Okay you’ve just blown your budget acquiring the stereo or mono (or both!!) box sets of the new Beatles Remasters. That’s a big bundle of discs that you’ve just added to your collection. Sure they sound fabulous but the slipcase packaging is a bit awkward and less than deluxe. And where are you going to put it? It won’t fit on a typical CD rack and it would look goofy next to your prize Parlophones LPs. What now? After finishing my review of the new Beatles Remasters (to be published in Issue 198) this is exactly the situation I was facing. So when I was asked whether I’d like to check out The Beatles Box of Vision, I figured why not? From its appearance I immediately fell for it’s hybrid personality–the fact that it celebrates the analog LP even as it provides a very cool, storage and preservation solution for all the digi-pack Beatles remasters discs. Conceived by Jonathan Polk, a music industry veteran it could also easily be used for an existing collection as well. Although in the latter instance you’ll have to store or toss (er, recycle) those yucky plastic “jewel” boxes. The glamorous large format linen covered storage box with silver embossed Beatles logos opens like a clam shell to reveal double-sided pockets where you insert the disc on one side and the digi-pack on the other. This was you can easily slide out the disc without rummaging through the digi-pack cover. Beautfully executed the 13” x 13” box features the iconic image of The Beatles photographed by Robert Freeman for the cover of With The Beatles. It’s exterior is cleverly edged with the faux spines of the Beatles vintage vinyl LPs.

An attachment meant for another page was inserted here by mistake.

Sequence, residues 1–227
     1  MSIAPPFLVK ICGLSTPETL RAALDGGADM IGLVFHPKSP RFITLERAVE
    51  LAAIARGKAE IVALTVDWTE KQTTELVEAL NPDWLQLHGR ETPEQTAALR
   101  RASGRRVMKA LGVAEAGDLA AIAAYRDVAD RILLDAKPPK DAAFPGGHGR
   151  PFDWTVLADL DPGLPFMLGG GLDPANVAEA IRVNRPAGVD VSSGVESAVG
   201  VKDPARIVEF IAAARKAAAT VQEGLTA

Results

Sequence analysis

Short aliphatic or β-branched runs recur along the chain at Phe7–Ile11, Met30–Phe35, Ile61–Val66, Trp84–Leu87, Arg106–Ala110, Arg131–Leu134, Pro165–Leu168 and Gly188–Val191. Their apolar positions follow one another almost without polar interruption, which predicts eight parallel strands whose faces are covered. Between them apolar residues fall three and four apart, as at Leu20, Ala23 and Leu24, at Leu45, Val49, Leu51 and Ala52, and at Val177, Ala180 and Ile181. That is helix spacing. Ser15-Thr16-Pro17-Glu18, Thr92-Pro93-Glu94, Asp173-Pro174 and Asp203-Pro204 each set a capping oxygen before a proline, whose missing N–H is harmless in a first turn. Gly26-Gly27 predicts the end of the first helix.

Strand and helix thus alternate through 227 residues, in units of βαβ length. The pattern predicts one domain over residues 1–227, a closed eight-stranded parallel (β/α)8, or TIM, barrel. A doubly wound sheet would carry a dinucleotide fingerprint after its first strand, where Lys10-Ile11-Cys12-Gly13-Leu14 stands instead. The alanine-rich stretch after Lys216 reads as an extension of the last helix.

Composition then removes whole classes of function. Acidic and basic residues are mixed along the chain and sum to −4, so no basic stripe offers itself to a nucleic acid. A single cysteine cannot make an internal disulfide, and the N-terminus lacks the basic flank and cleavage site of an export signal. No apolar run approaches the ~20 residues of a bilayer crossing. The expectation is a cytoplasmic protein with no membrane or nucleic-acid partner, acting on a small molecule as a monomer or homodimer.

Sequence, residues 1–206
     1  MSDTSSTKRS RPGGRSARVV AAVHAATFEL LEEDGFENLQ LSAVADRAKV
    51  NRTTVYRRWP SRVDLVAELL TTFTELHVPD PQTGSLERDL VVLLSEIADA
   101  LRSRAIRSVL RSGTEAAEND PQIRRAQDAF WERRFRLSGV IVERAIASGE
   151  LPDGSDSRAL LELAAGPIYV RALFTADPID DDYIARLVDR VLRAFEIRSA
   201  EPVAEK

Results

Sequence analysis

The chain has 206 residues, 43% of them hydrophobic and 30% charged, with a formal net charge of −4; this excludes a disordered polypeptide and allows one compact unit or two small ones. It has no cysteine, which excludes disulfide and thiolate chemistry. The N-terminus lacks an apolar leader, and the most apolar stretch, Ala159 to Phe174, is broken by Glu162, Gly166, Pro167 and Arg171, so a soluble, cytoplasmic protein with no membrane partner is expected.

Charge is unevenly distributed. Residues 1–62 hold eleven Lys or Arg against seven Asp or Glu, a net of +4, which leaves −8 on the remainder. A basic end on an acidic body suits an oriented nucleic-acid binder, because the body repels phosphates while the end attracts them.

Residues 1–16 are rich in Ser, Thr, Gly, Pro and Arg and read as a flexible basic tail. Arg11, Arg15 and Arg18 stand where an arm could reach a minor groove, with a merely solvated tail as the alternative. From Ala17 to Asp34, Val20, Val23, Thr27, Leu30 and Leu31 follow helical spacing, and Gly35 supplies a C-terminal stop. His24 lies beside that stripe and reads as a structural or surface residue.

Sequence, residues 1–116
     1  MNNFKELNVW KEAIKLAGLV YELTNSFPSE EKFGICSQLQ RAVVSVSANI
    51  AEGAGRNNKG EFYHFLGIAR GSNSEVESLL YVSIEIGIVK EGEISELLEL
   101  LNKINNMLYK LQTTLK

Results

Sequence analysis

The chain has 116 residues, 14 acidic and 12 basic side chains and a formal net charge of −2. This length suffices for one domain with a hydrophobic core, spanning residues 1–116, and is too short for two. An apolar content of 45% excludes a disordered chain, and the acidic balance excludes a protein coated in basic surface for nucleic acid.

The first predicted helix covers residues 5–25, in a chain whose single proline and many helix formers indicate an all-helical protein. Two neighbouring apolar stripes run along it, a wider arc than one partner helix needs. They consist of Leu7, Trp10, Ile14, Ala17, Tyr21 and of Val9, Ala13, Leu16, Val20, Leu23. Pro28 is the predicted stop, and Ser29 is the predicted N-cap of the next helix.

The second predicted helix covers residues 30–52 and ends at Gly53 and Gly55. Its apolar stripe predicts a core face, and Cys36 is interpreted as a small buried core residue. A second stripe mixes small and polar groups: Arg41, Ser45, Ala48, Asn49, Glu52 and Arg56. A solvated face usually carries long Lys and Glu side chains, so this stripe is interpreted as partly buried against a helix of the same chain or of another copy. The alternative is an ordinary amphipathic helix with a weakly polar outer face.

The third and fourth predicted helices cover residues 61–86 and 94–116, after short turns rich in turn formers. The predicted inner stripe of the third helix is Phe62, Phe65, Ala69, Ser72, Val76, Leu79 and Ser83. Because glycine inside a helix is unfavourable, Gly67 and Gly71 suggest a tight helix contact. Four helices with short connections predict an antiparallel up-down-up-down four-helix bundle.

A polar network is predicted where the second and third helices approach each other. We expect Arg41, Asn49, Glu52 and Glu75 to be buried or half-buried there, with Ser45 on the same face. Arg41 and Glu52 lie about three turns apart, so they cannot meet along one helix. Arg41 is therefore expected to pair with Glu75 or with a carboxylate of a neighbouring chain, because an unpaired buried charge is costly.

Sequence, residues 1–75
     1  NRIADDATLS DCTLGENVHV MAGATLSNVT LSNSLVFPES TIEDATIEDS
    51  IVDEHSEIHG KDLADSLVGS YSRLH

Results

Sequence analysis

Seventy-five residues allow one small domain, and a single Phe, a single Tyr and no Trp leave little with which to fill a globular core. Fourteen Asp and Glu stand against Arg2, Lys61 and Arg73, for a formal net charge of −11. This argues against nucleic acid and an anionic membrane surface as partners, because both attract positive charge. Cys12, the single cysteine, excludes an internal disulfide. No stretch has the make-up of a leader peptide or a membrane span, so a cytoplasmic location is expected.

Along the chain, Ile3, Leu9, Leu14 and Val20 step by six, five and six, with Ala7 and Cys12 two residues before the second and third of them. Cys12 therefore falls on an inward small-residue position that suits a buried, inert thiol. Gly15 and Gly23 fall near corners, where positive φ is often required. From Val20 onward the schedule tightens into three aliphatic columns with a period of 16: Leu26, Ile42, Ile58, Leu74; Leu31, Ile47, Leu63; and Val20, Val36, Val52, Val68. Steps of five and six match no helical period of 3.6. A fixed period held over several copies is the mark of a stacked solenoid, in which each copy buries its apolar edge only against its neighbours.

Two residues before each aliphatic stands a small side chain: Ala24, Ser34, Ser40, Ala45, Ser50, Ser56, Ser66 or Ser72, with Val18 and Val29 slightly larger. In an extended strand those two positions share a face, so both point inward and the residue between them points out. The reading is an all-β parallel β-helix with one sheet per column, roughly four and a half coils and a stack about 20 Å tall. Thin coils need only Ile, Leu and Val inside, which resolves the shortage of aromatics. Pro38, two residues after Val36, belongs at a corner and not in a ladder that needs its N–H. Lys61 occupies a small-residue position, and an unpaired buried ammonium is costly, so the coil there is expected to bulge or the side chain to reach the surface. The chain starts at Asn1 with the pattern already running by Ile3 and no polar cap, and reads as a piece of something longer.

It also includes a stunning 200-page LP-size linen-bound book containing all of The Beatles’ LP artwork, restored in pristine new art prints. This is the first time that all of The Beatles UK and US album artwork has been collected together in a single LP sized book. And man, it’s also a sad reminder about how album art fell off the map of our collective consciousness when we transitioned from the LP to the teeny, tiny CD format. Does anyone really think the existing Sgt Pepper “museum” cover would have even happened had the large format LP “canvas” not been around to inspire the artists? I digress. From Please Please Me and With The Beatles through Love, this nostalgic book includes front covers, back covers, gatefolds, inserts, and the complete LP booklets. It really gives you the flavor of owning the LPs even if you’ve never spun a single record in your life. Additionally there’s the “Catalography,” (see image below) a new, full color discography guide with photos, text and track-listings, providing the first-ever side-by-side presentation of the UK albums and their US counterparts, with an exclusive essay by Beatles author and historian Bruce Spizer. The only drawback? When the Box Of Vision is fully laden, it weighs in at around thirteen pounds. A small sacrifice to preserve some of my very favorite music. Worth checking out. For a “virtual tour” and more information visit: www.BoxOfVision.com Price: $89.99